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Appeals to social norms as policy instruments to address consumption externalities


  • Kallbekken, Steffen
  • Westskog, Hege
  • Mideksa, Torben K.


We consider appeals to social norms as a policy instrument to address consumption externalities. We explore whether appeals to social norms can be an efficient policy instrument and compare the efficiency of such appeals to the efficiency of taxation in addressing consumption externalities. We find that when the existing norm helps to shift consumption towards the socially optimal level of consumption, taxation welfare dominates appeals to social norms as a policy tool. While previous studies have found that economic instruments are superior to information in other contexts, we arrive at a different conclusion for situations where the norm shifts behavior away from what is socially optimal. In such cases appeals to social norms can be a better policy instrument than taxation.

Suggested Citation

  • Kallbekken, Steffen & Westskog, Hege & Mideksa, Torben K., 2010. "Appeals to social norms as policy instruments to address consumption externalities," Journal of Behavioral and Experimental Economics (formerly The Journal of Socio-Economics), Elsevier, vol. 39(4), pages 447-454, August.
  • Handle: RePEc:eee:soceco:v:39:y:2010:i:4:p:447-454

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    Cited by:

    1. Sjögren, Tomas, 2016. "Consumption Norms with Endogenous Norm Beliefs – Implications for Welfare, Commodity Taxation and Income Redistribution," Umeå Economic Studies 938, Umeå University, Department of Economics.
    2. Eftichios S. Sartzetakis & Anastasios Xepapadeas & Athanasios Yannacopoulos, 2015. "Regulating the Environmental Consequences of Preferences for Social Status within an Evolutionary Framework," Working Papers 2015.34, Fondazione Eni Enrico Mattei.
    3. Joachim Fuenfgelt & Stefan Baumgaertner, 2012. "Regulation of morally responsible agents with motivation crowding," Working Paper Series in Economics 241, University of Lüneburg, Institute of Economics.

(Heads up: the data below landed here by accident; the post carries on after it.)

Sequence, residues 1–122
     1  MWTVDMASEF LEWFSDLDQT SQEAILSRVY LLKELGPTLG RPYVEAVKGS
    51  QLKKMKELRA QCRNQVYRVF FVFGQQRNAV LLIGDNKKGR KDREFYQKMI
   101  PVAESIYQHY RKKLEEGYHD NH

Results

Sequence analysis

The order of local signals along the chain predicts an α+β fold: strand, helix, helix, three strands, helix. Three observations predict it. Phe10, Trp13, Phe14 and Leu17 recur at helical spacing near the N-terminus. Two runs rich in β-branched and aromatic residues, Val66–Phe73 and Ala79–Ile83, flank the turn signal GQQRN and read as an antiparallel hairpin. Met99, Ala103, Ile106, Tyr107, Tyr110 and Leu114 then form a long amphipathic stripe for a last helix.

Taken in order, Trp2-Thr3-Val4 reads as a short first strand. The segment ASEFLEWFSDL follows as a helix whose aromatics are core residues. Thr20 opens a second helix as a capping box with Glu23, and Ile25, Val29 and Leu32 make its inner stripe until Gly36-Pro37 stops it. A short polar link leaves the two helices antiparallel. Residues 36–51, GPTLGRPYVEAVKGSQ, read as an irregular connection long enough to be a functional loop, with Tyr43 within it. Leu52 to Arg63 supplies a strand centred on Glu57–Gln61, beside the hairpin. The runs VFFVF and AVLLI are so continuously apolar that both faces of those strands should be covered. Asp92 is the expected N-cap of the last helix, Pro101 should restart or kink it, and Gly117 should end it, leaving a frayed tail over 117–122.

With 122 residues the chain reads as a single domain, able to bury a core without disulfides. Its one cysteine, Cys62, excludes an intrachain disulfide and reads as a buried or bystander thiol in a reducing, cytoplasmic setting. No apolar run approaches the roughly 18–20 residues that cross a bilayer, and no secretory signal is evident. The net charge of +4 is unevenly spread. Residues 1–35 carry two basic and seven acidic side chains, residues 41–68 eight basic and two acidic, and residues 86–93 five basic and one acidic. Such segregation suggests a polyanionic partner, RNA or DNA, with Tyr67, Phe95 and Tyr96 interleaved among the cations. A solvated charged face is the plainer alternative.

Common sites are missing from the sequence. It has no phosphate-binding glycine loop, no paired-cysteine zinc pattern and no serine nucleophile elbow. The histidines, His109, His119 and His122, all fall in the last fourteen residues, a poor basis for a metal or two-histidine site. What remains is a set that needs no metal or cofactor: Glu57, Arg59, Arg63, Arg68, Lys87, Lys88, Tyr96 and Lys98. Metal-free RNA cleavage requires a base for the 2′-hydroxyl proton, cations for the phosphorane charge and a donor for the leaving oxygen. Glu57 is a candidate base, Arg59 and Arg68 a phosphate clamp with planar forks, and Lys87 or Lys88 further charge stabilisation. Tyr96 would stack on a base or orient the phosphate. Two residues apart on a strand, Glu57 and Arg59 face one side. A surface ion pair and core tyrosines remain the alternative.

4. Geir Asheim, 2010. "Strategic Use of Environmental Information," Environmental & Resource Economics, Springer;European Association of Environmental and Resource Economists, vol. 46(2), pages 207-216, June.
    5. Panzone, Luca A. & Wossink, Ada & Southerton, Dale, 2013. "The design of an environmental index of sustainable food consumption: A pilot study using supermarket data," Ecological Economics, Elsevier, vol. 94(C), pages 44-55.
    6. Leonard, Tammy & McKillop, Caitlin & Carson, Jo Ann & Shuval, Kerem, 2014. "Neighborhood effects on food consumption," Journal of Behavioral and Experimental Economics (formerly The Journal of Socio-Economics), Elsevier, vol. 51(C), pages 99-113.
    7. Håkon Sælen & Hege Westskog & Einar Strumse, 2012. "Values, attitudes, and pro-environmental behaviours – is there a link? Results from a Norwegian survey," Economics Bulletin, AccessEcon, vol. 32(1), pages 486-493.
    8. Gsottbauer, Elisabeth & van den Bergh, Jeroen C.J.M., 2014. "Environmental policy when pollutive consumption is sensitive to advertising: Norms versus status," Ecological Economics, Elsevier, vol. 107(C), pages 39-50.


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